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    By Anders Drejer & Christer Windelov-Lidzélius

    Why do companies fail? Is it inevitable, caused by disruptive changes in the organisations’ environment or managerial sloppiness? Or can it be avoided? Interestingly, in a world where interest has always mainly been in the winners, we know a great deal about how companies fail. There are different views on what failure actually means and there is not necessarily agreement on how come that a company failed. For instance, not reaching explicit goals or even growing or earning less than the industry average may be perceived, by some, as corporate failure. We will, however, be focussing on the ultimate corporate failure – in which the company ceases to exist as juridical entity.


    Fact and fiction about corporate failure

    Beginning with the idea that corporate failure is the ultimate form of failure, bankruptcy, we reviewed 62 publications and models for corporate failure. We will spare you the boring details and sum up the key learnings instead.

    First, it is a myth that corporate failure is the result of laziness on the part of top managers. The sayings “they didn’t want it enough” or “they didn’t try hard enough”, however tempting to utter about failed rivals, are simply not true. Research and experience show that during crises top managers work even harder and longer than their counterparts in other organisations.

    So, then, why do they fail? Well, our second finding is that the hard-working top managers are busy doing the wrong things during a crisis. Consider the well-known example of Blockbuster, which eventually failed as it did not respond in time to the emerging industry of streaming and Netflix. The CEO at the helm, John Antioco, has been very explicit in his (self-)defence of his actions during the company’s demise. Antioco is enraged by claims of inaction and incompetence, and emphasises the immense workload which he and his teams took on, also blaming short-sighted shareholders for demanding that Blockbuster cut investments in digitalisation in favour of short-term results. He may well be correct.


    Active inertia

    John Antioco may well be right. The example of Blockbuster and many others follow a pattern known as “Active Inertia” or, in more popular terms, being busy shooting yourself in both feet.

    In order to fail, first you need to be successful. Here, “successful” means that you, as a top manager/management team, create a so-called market picture (your perception of that market) that is in line with the realities of your chosen market. Based on this, you design processes to create value for your customers that they appreciate or even consider unique, and you acquire technologies and assets to support the value creation. Finally, out of the success emerges a set of positive values among your employees that carries the business model. The latter may be labelled corporate culture or the social reinforcement of practices that create success.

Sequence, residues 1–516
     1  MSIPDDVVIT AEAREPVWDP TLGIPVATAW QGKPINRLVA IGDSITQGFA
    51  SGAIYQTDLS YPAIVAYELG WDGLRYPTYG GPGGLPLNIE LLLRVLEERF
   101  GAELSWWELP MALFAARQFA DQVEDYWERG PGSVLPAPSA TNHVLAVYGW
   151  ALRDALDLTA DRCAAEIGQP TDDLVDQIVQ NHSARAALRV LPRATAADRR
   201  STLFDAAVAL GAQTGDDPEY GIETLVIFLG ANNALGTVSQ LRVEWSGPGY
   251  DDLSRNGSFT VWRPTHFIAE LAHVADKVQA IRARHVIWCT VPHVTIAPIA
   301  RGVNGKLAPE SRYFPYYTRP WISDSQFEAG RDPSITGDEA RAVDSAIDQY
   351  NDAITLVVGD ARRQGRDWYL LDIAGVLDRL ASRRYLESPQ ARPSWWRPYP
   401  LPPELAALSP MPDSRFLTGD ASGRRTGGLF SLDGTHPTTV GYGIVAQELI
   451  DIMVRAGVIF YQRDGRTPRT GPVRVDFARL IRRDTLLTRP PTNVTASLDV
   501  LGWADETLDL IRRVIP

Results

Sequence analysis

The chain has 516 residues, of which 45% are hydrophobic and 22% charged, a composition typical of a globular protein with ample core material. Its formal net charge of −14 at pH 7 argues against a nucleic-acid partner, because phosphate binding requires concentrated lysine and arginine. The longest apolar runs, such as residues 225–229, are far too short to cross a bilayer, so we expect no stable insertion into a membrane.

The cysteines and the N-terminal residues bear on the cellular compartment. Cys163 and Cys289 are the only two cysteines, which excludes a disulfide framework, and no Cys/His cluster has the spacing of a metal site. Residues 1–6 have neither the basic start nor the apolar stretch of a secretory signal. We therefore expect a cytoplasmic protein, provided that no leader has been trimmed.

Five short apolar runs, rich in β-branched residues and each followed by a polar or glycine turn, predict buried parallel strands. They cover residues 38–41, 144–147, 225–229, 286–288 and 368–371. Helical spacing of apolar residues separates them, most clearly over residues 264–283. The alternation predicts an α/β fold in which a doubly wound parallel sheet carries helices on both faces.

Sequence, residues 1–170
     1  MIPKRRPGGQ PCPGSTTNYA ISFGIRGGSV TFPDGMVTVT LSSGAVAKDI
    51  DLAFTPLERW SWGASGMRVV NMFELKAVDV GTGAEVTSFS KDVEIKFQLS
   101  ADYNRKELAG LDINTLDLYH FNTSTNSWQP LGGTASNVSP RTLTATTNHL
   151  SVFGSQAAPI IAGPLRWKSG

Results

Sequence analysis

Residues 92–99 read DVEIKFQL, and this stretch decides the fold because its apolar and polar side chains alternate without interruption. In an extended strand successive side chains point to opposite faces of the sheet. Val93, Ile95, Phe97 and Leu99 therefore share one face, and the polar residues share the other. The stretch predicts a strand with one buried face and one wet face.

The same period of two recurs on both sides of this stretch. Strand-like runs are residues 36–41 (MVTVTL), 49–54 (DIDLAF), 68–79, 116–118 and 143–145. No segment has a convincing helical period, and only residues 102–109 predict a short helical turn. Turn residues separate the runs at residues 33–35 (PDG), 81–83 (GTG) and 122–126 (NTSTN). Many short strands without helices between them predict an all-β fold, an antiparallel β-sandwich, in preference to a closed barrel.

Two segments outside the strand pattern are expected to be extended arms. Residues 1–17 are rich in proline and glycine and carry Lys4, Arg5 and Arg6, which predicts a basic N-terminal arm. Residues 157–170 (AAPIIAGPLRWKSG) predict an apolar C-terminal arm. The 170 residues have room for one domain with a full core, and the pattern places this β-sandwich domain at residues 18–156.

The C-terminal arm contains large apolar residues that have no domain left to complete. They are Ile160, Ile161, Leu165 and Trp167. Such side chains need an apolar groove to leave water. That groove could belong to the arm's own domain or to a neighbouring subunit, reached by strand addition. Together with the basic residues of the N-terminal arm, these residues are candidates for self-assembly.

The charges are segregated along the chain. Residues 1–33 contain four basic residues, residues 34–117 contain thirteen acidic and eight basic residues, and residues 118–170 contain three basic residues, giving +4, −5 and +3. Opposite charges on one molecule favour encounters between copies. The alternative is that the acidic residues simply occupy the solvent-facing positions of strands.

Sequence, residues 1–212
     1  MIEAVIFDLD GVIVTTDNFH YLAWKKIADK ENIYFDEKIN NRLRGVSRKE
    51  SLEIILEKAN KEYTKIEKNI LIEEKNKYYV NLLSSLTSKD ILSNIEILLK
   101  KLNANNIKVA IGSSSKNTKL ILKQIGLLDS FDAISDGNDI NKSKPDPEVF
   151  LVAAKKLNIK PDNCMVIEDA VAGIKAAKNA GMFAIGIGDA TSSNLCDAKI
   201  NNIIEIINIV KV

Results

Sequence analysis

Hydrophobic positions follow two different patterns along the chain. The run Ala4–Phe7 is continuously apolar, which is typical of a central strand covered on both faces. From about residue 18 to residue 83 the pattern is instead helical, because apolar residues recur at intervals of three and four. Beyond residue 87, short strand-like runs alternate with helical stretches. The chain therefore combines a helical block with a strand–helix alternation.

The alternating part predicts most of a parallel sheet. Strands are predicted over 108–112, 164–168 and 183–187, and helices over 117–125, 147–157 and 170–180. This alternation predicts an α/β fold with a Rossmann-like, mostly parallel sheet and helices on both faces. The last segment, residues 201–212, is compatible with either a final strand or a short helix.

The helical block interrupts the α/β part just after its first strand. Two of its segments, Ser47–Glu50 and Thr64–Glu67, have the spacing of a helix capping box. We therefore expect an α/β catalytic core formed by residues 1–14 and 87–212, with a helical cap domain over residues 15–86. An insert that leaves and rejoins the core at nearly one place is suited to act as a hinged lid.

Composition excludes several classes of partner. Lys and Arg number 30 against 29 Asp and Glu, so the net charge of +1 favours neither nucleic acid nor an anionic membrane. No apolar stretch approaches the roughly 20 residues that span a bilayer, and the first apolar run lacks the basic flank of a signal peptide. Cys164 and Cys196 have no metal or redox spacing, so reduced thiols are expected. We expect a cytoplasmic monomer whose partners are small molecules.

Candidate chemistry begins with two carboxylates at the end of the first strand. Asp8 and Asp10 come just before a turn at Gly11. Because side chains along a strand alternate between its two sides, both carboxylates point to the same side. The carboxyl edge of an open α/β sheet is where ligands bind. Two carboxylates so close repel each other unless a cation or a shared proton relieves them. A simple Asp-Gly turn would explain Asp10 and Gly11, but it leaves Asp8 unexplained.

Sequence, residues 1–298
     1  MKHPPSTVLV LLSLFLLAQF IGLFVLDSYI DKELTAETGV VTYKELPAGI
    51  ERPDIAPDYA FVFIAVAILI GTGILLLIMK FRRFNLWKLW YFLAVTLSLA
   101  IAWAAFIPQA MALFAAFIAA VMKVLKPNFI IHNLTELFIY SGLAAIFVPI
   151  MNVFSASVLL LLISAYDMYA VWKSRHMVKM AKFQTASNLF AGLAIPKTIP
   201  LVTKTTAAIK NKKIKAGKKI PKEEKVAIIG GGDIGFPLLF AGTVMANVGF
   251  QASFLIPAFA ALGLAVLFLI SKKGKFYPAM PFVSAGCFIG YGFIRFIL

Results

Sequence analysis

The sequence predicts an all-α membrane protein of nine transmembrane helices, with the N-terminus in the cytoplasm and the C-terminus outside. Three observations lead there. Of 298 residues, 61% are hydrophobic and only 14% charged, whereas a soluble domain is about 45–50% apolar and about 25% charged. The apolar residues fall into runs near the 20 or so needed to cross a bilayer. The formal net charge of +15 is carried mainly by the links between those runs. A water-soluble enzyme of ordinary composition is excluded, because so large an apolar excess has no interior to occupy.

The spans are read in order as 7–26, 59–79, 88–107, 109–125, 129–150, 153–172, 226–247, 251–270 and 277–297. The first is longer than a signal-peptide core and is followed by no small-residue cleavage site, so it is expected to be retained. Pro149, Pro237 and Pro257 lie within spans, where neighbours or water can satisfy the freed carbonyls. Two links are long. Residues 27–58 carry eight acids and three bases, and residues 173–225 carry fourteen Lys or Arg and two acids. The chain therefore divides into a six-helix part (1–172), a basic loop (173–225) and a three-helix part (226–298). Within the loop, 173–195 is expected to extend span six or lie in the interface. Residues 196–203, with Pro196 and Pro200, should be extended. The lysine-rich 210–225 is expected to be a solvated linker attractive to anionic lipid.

After all, the employees meet your customers every day and will be the first to sense that all is not well with the market picture


    How do you fail?

    Markets, indeed the world, have a tendency to change. The main reason for failure according to our research has revealed that instead of altering your market picture according to the changed market, you make your market picture a dogma. Something that is repeated more and more loudly but never questioned. For instance, in the newspaper industry there was a dogma for a long time that millennials would “grow up and become like us, the ageing, affluent executives living secure lives in the suburbs”. Alas, that did not happen. In 2020, the average age of buyers of Denmark’s largest newspaper is 63. It will be 64 in 2021. It easy to predict the outcome. But the dogma remains and remains unquestioned. Also, your processes cease to be directed at customers and become routines that are repeated for the sake of the routine, not for the customer. This internal focus has a tendency to create additional routines that do not create value for the customers at all and, additionally, are costly. Still, in this situation, you soldier on with your precious routines. Furthermore, your assets cease to be valuable and become ballast that weighs the company down. So, you own a great many buildings and trucks for distributing packages? How valuable are those assets, if drones emerge to disrupt the industry? Last, and worst, your employees lose faith in the business model and start finding new jobs and/or getting lazy or even destructive. After all, the employees meet your customers every day and will be the first to sense that all is not well with the market picture.

    And what do you do? You make cost-cutting exercises and strategy processes, hire consultants by the numbers and work hard! But if you fail to ask the right questions, you are like a horse stuck in quicksand – the harder you try to get out of your predicament, the deeper into trouble you will get.


    Kaospilot Publishing launches a journal aimed at disseminating research, ideas and opinions about innovation and related fields. This piece is out is by Anders Drejer and Christer Windel?v-Lidzélius. It speaks to the fundamental need of renewal and development.

    Also available through Spiro School of Business -The Innovation Series
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